Power of Composer packages

About Composer Packages

Composer packages makes maintaining your code easier. For example, you have a small library which is used in a few projects at the same time. You want to add a new feature or fix a bug.

You can go through all projects which are using the library and update them. But what if new update needs to add new dependencies? You should add them manually too. It will take too much time and chance to break something is very high.

Another way is to package the library in a Composer package and make it accessible somewhere across the Internet (you actually don’t need make it public). In this case you update the code, add required dependencies in config and release a new version. After that, you just go through projects and run a single command in their root directory:

composer update

This is much easier than the previous scenario.

Package structure

In general Composer package is usual PHP code organized in a special way. It’s rather flexible and you are free to change it if you want. My usual package structure is shown below:





Pretty simple, isn’t it?

In the tests directory I place phpunit tests. In the src directory I place source files. File composer.json contains information about the package.


You must specify the name of your package. The name consists of two parts: project name and package name itself, e.g. “zendframework/zend-dom”. If your package is not a part of larger project you can use the package name (“phpmailer/phpmailer”) or your name (“jonnyw/php-phantomjs”) instead project name.


Optional field. Just short description of the package.


Optional field. Here you can specify your name and contacts, e.g.

"authors": [
      "name": "Vlad",
     "email": "me@fullstackvlad.com"

If your code has any dependencies, you must specify them here. Be very careful – if you miss some required package or php extension it will cause installing and updating problems. For example:

"require": {
   "zendframework/zend-dom": "*",
   "katzgrau/klogger": "*",
   "adodb/adodb-php": "^5.20",
   "ext-curl": "*",
   "ext-date": "*",
   "ext-mysql": "*",
   "ext-mysqli": "*",
   "phpunit/phpunit": "4.8.6",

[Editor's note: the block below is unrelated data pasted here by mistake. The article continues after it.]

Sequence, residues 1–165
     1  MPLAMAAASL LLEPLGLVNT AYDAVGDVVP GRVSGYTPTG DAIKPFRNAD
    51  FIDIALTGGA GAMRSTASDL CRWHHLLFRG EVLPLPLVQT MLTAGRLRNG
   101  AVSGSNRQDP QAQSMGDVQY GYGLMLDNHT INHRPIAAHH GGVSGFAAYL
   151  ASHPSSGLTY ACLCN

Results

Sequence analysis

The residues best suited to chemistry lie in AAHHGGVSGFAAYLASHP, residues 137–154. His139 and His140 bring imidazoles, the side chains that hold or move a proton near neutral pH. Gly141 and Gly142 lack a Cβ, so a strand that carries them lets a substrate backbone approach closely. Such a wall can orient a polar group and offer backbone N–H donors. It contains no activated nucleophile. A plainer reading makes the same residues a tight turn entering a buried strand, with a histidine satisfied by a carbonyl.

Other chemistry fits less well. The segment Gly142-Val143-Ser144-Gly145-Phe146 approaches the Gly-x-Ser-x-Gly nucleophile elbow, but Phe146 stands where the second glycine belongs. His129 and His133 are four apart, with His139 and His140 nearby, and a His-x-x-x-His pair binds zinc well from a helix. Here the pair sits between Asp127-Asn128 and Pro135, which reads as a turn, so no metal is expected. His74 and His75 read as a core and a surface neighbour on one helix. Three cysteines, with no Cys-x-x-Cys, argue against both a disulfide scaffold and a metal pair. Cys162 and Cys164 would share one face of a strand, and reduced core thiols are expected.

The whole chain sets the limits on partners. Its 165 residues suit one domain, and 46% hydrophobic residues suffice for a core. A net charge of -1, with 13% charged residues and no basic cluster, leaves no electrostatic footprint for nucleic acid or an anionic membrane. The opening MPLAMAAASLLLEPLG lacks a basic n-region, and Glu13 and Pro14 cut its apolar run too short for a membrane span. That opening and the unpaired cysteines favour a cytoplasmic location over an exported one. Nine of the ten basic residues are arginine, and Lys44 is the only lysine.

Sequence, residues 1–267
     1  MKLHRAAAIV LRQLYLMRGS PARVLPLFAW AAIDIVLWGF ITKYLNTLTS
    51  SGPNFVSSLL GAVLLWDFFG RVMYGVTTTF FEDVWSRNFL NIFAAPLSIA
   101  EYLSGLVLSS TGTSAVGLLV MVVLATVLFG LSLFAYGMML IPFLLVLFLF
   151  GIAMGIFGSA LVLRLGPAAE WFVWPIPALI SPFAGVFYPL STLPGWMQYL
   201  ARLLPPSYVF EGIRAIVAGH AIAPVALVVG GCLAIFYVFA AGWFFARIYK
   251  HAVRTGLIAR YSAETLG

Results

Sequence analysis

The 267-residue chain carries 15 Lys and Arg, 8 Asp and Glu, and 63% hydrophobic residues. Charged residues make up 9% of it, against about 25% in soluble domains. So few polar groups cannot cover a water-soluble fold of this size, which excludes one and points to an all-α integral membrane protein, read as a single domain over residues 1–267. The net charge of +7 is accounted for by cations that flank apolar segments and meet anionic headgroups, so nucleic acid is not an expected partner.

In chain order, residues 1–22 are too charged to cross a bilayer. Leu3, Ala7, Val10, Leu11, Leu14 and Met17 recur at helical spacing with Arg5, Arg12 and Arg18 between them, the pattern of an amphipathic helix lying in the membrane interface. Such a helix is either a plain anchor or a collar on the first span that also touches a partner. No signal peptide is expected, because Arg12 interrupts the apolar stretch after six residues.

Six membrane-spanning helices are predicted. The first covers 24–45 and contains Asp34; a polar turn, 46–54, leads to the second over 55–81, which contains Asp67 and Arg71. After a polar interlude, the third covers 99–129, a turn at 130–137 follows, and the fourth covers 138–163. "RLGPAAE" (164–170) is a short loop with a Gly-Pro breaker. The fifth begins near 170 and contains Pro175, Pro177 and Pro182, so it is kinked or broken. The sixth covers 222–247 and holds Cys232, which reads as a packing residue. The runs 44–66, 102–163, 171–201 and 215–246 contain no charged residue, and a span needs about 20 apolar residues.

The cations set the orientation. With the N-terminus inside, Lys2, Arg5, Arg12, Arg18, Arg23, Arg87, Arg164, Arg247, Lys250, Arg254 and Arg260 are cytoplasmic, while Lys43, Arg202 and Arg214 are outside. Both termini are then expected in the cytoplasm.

"phpmailer/phpmailer": "~5.2",
   "jonnyw/php-phantomjs": "4.*"

The main part of the package. Here you define the code structure. I recommend you to follow PSR standard in organizing your code. Example of autoload section for PSR-4 package:

"autoload": {
        "psr-4": {
            "MyPackageRootNameSpace\\": "src/",
            "MyPackageRootNameSpace\\Tests\\": "tests/"

You can get more information about PSR and namespaces here. Btw, you can avoid using tests directory, but it is a good practice to write unit tests for your code and add them to the package.


The biggest Composer repository is packagist.org. There you can find tons of packages ready to use. All popular packages are stored there. But some times you need to use another repository (for example, if you placed your package in private Git repository). In this case you can specify additional repo in your config:

"repositories": [
      "type": "vcs",
      "url": "https://vlad@bitbucket.org/<user_name>/<repo_name>.git"

In this example, I’ve added a private Bitbucket repository where my library is stored. Now when I release a new version of the library, all I need to do – go through all projects which use the library and run command:

composer update

Composer + PSR + Git is an amazing stack for PHP developers. Since found, I you use it all the time and my productivity grew up dramatically. In further blogs I’ll tell how to add more useful technologies to this stack.